At the beginning of the film, Jackson plays off of a technique used in The Wizard of Oz. While we hear soldiers describe how they learned the war had started, and the time from their enlistment to their arrival at the front, Jackson keeps the 4:3 aspect of film from those days, in black and white and with the jerky movements. But when the men reach the front, the film opens up to today’s standard screen ratio, the color appears, and the speed is corrected. It’s a stunning moment, drawing you back in time.

Throughout its 99 minute running time, there’s constant narration provided by snippets of conversation from thirty or forty soldiers who actually were there – all of whom would be dead by now. Many of them were under the legal age of nineteen required to volunteer. Some were as young as fifteen, but if they looked old enough the recruiting officials would turn a blind eye. Their matter-of-fact tone is endearing as they describe the first adjustments to Army life. As they come into battle, living in the trenches, the tone remains but conveys the inhuman conditions they faced – surviving a gas attack, artillery barrages, rats that infested the trenches and grew fat feeding off the dead.

Jackson went to incredible lengths to ensure the film’s veracity. To dub in when soldiers speak in the original footage, he used lip readers to decipher the words, then researched the uniforms to discover what area of England the soldier came from. He’d match actors from those areas with the soldiers so when they recorded the words, they did so with the proper accent. One clip had an officer reading from a piece of paper. Jackson and his team scoured the regimental archives until they found a statement from the time of the filming that, when read, matched the lip movement in the film. For the sounds of a bombardment, the recording technicians set up microphones where the New Zealand Army was doing live fire artillery practice, using guns of similar size to the WWI era weapons. When you hear shells whistle over you then explode on the screen, they were actual battle sounds.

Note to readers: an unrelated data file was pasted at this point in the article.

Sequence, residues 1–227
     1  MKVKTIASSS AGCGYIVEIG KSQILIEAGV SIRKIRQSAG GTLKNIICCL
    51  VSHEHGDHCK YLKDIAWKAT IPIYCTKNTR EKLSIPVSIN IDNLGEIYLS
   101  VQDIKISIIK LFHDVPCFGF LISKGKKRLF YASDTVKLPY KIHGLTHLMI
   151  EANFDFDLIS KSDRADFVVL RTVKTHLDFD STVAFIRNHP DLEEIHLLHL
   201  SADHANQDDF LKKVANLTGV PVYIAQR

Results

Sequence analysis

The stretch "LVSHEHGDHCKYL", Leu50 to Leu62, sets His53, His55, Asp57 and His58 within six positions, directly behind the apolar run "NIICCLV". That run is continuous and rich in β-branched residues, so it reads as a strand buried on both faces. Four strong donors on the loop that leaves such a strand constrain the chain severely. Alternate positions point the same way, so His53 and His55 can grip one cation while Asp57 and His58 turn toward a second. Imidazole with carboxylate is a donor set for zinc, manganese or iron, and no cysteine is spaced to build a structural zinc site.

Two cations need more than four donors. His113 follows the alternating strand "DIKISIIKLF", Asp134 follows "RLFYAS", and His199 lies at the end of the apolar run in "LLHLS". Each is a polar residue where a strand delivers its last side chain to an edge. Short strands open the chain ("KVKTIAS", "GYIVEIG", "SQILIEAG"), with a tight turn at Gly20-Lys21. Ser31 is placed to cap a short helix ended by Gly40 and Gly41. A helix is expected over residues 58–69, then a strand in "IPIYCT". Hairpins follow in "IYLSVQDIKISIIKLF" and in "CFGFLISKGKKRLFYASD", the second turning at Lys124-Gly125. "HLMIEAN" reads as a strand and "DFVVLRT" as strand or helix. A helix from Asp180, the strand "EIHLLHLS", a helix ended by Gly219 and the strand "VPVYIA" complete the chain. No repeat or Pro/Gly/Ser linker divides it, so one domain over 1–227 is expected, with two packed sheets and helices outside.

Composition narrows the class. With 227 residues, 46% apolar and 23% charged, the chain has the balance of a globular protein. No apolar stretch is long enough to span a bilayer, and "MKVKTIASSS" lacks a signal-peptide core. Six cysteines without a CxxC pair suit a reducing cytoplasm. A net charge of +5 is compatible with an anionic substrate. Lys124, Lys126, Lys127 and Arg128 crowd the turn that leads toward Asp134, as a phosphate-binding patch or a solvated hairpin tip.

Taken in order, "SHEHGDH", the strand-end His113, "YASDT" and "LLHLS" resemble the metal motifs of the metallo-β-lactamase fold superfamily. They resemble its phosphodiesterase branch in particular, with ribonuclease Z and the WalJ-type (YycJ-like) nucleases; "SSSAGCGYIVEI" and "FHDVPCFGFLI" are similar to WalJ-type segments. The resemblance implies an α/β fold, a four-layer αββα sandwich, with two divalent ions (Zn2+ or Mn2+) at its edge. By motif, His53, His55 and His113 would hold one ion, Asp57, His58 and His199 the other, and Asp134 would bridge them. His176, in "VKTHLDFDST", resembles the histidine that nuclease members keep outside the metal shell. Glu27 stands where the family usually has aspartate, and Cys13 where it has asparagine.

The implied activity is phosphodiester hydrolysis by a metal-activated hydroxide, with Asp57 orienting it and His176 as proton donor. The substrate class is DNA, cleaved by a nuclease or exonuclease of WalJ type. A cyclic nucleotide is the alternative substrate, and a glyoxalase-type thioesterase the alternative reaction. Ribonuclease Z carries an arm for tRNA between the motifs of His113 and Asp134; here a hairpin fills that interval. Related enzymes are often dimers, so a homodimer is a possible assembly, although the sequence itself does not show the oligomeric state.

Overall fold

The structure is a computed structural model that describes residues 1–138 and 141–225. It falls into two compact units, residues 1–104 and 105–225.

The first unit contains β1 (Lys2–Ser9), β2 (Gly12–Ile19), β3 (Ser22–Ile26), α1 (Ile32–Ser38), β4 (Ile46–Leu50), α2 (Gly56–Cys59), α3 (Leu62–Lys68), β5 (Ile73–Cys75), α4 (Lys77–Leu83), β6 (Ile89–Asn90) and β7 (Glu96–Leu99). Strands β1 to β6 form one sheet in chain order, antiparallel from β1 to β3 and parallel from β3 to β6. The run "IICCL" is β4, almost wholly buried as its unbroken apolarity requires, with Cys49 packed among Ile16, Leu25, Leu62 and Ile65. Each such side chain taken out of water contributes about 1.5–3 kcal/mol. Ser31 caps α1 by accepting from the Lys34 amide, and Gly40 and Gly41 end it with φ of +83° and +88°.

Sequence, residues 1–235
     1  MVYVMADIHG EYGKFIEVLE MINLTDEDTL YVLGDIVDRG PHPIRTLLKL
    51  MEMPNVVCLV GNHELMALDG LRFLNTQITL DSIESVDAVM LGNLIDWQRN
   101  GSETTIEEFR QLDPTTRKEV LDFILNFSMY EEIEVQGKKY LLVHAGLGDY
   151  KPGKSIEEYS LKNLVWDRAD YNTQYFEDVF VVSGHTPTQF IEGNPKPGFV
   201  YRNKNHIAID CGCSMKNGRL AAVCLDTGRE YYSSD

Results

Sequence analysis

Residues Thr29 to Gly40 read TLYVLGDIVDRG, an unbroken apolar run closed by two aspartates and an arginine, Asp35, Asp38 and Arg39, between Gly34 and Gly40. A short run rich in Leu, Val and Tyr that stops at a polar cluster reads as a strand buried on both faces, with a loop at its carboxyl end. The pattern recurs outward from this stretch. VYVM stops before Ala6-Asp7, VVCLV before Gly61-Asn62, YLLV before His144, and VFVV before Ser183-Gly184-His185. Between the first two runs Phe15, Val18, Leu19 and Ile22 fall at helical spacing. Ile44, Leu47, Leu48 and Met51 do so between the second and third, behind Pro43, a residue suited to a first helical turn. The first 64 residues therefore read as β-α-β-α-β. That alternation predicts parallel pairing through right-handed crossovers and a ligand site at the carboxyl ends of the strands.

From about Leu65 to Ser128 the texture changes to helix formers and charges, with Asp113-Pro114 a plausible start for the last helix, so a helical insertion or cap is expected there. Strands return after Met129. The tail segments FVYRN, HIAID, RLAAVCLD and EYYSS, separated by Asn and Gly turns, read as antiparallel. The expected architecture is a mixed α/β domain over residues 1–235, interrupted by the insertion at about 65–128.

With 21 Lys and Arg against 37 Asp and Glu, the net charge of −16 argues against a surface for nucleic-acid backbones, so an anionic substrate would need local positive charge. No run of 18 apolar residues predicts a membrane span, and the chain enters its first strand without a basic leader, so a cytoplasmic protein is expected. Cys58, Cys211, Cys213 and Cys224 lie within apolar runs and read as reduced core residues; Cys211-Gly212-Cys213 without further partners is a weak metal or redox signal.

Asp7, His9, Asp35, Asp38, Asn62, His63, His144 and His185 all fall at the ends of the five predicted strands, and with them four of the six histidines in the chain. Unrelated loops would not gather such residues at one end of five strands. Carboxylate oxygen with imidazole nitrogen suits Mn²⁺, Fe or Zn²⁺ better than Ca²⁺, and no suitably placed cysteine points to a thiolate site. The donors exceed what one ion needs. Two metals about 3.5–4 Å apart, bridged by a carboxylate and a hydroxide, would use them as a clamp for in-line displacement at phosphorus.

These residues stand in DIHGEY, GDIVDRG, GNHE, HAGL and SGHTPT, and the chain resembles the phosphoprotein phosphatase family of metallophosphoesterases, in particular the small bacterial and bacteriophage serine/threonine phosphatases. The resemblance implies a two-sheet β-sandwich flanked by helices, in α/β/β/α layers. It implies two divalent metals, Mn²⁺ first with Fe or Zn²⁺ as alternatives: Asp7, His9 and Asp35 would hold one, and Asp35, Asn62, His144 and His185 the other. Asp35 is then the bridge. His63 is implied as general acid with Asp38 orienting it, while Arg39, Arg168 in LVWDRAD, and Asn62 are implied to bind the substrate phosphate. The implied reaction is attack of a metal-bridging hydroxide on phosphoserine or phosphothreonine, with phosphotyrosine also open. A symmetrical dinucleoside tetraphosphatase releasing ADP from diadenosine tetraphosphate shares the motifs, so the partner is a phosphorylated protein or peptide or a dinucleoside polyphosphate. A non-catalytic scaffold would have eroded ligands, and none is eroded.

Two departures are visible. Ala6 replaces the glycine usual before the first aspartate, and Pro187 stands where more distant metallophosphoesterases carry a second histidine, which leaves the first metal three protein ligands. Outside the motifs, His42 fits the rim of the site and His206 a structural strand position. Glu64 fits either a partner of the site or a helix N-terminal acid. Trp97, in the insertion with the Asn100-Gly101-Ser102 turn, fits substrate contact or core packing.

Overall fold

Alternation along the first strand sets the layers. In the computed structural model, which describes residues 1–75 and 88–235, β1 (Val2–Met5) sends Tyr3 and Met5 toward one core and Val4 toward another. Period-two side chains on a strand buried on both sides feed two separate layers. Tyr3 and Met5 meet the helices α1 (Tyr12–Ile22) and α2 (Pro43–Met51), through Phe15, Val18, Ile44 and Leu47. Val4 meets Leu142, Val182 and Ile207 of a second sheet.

Following the credits, Jackson has added a half-hour documentary on the making of the film. In it, he tells about one of his inspirations in making the film. His grandfather was a veteran who survived the full four years of the conflict. However, he’d been injured often and his health failed. By the time he died at age fifty, twenty years later, he was a bedridden invalid. Not all of the casualties of that war fell in battle.